Andrew’s life changed profoundly when he fell down the stairs of a taxi rank, landed on a concrete floor and sustained a brain injury. Two years down the track, he credits his companion dog, Meg, with giving him the motivation to keep going.
The 34-year-old plasterer was at a staff Christmas party in 2017 when he had his accident. He struck the right side of his head when he fell, an injury that left him unable to stand and struggling to use his left hand.
A long period of recuperation and rehabilitation restored his ability to walk, but his short-term memory is “still a bit shot” and he lives in supported accommodation in Ipswich.
After a brain injury, one of the most significant problems for the individuals involved is future loneliness, as they begin their new life and take on new challenges.
His new address made it difficult for his friends – most of whom live about an hour away, to visit him. He says they "don't come to see me that much".
But fortunately he acquired a new companion in March this year when Meg - a faithful companion dog trained as part of a pioneering project called Brainy Dogs – came to live with him.
"It was nice because she was just there, I suppose" he says of her, "Dogs are really good company, I mean they can't answer you back or talk to you but they're always happy to see you when you get home."
The fact that Andrew had an animal to care for was also important. “I had responsibility for walking her and feeding her,” he says. “It gave me a purpose.”
Companion dogs make a truly profound difference to the lives of people who are living with a brain injury or neurological condition.
The faithful helpers provide care, as well as an important sense of comfort and confidence as people begin to navigate their lives with the new challenges they've been confronted with.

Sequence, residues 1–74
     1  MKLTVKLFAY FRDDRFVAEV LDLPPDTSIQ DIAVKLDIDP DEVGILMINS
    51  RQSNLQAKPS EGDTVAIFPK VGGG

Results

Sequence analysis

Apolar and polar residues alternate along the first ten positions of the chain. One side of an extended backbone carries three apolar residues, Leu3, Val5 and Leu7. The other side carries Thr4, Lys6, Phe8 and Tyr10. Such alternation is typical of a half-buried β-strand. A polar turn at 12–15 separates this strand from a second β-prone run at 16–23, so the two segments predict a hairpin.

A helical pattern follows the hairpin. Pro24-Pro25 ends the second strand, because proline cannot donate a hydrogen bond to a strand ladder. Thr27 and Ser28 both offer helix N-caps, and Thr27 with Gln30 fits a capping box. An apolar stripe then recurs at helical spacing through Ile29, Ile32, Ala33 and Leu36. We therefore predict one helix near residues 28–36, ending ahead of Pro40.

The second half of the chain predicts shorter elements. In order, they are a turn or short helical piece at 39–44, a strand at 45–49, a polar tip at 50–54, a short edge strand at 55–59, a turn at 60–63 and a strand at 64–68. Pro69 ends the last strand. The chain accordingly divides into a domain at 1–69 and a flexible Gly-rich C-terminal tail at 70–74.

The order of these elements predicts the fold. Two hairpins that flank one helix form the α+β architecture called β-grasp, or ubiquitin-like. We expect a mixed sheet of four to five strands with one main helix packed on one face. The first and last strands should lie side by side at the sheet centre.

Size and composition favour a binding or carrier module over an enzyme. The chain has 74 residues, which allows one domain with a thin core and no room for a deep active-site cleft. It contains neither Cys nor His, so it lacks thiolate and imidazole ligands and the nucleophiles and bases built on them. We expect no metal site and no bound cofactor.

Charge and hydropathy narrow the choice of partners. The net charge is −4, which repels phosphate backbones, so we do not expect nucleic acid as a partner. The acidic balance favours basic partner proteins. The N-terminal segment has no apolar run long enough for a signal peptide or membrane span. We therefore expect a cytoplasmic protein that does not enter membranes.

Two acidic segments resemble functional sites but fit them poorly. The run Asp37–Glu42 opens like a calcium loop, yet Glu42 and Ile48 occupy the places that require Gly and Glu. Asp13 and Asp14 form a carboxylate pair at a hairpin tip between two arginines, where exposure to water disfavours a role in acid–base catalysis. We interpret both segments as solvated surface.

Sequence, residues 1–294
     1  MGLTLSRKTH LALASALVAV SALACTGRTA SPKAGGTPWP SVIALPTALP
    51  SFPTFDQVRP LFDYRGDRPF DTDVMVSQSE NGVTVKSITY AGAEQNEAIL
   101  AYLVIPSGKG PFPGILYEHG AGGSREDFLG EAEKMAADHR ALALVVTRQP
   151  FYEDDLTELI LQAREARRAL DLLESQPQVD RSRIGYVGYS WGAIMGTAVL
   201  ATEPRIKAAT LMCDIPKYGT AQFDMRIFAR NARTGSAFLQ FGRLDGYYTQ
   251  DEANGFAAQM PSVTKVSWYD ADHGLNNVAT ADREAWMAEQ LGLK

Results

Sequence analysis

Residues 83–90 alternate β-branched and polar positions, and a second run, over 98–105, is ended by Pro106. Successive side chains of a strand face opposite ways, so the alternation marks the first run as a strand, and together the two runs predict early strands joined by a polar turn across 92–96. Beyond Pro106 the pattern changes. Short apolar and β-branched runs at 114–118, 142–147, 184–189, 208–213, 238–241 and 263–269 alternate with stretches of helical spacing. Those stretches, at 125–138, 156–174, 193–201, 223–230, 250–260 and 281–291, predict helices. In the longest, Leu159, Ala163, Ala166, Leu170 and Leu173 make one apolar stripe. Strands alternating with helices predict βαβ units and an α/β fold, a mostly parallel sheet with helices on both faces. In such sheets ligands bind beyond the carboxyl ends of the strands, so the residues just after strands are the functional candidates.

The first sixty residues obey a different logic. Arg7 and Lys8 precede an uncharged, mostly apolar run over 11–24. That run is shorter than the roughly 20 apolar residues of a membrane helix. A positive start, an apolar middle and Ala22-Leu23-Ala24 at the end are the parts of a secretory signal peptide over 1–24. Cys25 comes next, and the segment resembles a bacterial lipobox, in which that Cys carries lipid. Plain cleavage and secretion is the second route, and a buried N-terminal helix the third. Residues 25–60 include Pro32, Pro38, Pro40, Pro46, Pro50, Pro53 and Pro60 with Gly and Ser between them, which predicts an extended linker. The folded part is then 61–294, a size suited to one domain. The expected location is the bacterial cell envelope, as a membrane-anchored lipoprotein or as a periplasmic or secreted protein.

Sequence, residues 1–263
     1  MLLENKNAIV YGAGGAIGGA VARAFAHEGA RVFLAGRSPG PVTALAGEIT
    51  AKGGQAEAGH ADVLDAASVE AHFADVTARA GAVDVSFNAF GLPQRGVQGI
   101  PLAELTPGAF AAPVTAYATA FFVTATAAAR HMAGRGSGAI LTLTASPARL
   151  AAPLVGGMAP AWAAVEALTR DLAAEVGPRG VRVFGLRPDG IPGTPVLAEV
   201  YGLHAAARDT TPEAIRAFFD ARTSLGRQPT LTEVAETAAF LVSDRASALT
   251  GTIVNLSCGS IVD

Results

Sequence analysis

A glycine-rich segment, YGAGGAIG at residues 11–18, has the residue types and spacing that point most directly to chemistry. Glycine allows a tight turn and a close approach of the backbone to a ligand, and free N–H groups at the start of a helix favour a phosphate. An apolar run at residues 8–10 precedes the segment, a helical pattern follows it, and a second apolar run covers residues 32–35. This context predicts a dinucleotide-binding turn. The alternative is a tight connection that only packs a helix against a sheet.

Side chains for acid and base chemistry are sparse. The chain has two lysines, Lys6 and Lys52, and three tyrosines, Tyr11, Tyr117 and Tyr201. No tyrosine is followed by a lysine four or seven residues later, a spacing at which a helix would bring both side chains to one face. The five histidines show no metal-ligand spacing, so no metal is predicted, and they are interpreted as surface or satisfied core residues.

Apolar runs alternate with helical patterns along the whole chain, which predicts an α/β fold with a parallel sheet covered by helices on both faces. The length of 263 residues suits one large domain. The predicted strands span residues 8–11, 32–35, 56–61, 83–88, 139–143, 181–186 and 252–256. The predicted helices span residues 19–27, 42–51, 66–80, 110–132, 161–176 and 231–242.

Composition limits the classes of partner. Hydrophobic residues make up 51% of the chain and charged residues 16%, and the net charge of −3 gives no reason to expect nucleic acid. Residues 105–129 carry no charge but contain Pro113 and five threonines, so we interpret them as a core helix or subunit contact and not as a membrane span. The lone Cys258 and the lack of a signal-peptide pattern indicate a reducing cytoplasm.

Brainy Dogs is a National Lottery-funded scheme run by Headway Suffolk, a charity that supports people affected by brain injury. It is unique because the animals receive part of their training from prisoners at HMP Hollesly Bay, as well as people on probation, veterans, those suffering with mental health problems and children excluded from school.
The trained dogs provide companionship and care, and roughly 70 people involved in the training programme gain invaluable work experience and social skills, as well as the feeling of having made a profound difference to the lives of others.
Funding from the National Lottery has enabled Brainy Dogs to train and give new futures to 70 rescue dogs to date, and another 10 are set to be trained this year. Meanwhile, 70 offenders have been given vocational training and new opportunities so far.
The fact that 70 clients of Headway have been provided with companion dogs is significant. Many of those who have been helped by Brainy Dogs were not eligible to receive a companion dog from other charities as they were not regarded has having enough need.
Andrew says Meg has played an important part in his recovery. "If I'd have kept going like I was, it wouldn't have got any better", he says, "The money from the National Lottery made it possible for me to get a dog and other people to get a dog".
The National Lottery funding will also help the charity offer one-to-one pet therapy for ten clients each year, as well as care home visits. These will be provided to those individuals who are not suitable for a companion dog.
Despite the challenges that people living with brain injuries or neurological conditions face, with their faithful companion dogs by their side, the future is considerably brighter.
This is a sponsored article in association with National Lottery Good Causes.